Part of what makes Lucas’ films so unique is that for all his ambition and creative flair, he also had some baffling and off-kilter ideas that could confuse and confound audiences. Friends, mentors and collaborators have been trying to help hone Lucas’ vision ever since he dreamed up the idea of a plucky young Jedi Knight battling a galactic empire and decided to call it Adventures of Starkiller Episode 1: The Star Wars starring Luke Starkiller. I can’t imagine some of the stranger narrative twists in the tale – such as Luke Skywalker unwittingly becoming attracted to his twin sister – would ever have made it out of pre-production in this day and age. In 1977, a guiding hand seemed to do just enough to let Lucas’ imagination shine whilst cutting out any characters or narrative arcs that wouldn’t work. Given freer reign and left to his own devices with the new trilogy starting in 1999, Lucas would struggle to find that balance.
Perhaps uncertain of whether he would be able to make more films in the series, George Lucas goes for broke in cramming in as much story as possible in A New Hope. Revisting the film this year in anticipation of A Force Awakens, I was reminded of what a breathless pace the film clips along at. We are introduced to all the key characters, learn about the ways of the Force, witness the firepower of the Death Star and are jet setting in the Millenium Falcon to rescue Leia, all within the first hour of the film.
Where A New Hope is successful in filling in the blanks – the transition from Luke Skywalker meeting Obi Wan Kenobi to becoming a full blown Jedi apprentice happens in a matter of minutes – is thanks in large part to the razor sharp script that paints the characters in very broad strokes and then colours in the details with smart little idiosyncrasies, well observed mannerisms and punchy one liners.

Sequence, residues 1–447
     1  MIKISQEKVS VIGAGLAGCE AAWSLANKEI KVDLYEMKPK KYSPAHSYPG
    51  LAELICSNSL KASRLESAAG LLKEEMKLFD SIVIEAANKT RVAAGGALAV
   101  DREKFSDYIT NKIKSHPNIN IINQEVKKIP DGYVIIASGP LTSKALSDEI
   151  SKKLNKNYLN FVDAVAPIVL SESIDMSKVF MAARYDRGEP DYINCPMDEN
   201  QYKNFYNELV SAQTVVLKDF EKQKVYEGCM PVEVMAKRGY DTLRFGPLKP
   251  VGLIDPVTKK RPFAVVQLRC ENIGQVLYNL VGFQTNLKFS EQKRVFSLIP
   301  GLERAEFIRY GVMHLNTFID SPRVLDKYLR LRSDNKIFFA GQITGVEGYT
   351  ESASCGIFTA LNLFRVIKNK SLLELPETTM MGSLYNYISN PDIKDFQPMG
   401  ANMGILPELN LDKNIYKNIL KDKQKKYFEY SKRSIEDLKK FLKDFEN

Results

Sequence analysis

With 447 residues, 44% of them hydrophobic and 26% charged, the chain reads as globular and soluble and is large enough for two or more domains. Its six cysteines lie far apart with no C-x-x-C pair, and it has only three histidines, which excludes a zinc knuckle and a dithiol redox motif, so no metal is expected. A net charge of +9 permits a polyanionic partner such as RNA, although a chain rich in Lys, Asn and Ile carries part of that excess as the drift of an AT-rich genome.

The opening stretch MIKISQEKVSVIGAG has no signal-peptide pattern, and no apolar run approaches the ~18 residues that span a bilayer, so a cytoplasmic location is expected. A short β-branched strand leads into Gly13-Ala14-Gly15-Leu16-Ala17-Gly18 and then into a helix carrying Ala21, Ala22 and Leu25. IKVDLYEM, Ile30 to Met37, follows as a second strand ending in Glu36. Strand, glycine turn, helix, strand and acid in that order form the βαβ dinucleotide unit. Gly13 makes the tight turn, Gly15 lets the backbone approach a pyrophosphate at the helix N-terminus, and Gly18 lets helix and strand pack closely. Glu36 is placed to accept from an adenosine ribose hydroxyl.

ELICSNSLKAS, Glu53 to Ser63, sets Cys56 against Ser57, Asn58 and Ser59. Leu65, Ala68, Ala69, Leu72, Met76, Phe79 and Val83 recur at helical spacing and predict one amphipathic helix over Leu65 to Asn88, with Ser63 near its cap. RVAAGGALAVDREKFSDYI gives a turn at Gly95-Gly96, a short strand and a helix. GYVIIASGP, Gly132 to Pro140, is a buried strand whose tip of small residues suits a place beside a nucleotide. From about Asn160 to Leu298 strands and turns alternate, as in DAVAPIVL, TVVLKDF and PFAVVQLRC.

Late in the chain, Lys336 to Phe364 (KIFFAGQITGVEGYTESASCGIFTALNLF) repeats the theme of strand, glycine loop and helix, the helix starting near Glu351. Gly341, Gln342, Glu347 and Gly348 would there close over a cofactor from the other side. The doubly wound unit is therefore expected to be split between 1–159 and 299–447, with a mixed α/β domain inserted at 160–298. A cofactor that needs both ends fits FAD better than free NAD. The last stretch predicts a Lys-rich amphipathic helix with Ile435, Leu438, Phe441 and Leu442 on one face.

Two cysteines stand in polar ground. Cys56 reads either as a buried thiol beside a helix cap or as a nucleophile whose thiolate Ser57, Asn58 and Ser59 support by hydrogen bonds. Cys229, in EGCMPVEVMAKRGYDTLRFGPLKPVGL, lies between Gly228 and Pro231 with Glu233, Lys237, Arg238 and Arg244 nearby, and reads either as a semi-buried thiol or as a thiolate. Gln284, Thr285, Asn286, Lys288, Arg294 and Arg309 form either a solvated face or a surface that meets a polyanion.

The film is spoiled with riches. Science fiction has never seen a hero with as much swagger as Han Solo before Star Wars or ever since. In a series light on female roles, Carrie Fisher doesn’t settle for being a diminutive princess and when her attempted rescue goes pear-shaped, she memorably loses patience with Han and Luke, grabs a blaster and shoots her own way out. Her banter and chemistry with Harrison Ford is a highlight throughout the series.
The universe Lucas creates feels brilliantly authentic. There was a time when practically every science fiction sound stage was sterile, sparse and minimalist in design. Lucas’ vision of the galaxy far, far away is one that is dusty, rusty, held together with duct tape and has a genuine ‘lived in’ quality. The alien creatures – from the mighty Chewbacca to the misfits in the Mos Eisley Cantina – all feel like recognizable metaphors for human personalities.
For my money, A New Hope is one of the best films in the series. It isn’t saddled by the immense baggage that the franchise would eventually come to carry. Instead, it is handsomely constructed as a sharp, lean spectacle that is dripping with charisma and outstanding melodrama from woe to go. Nearly forty years on, the film is as good and as popular as it ever was.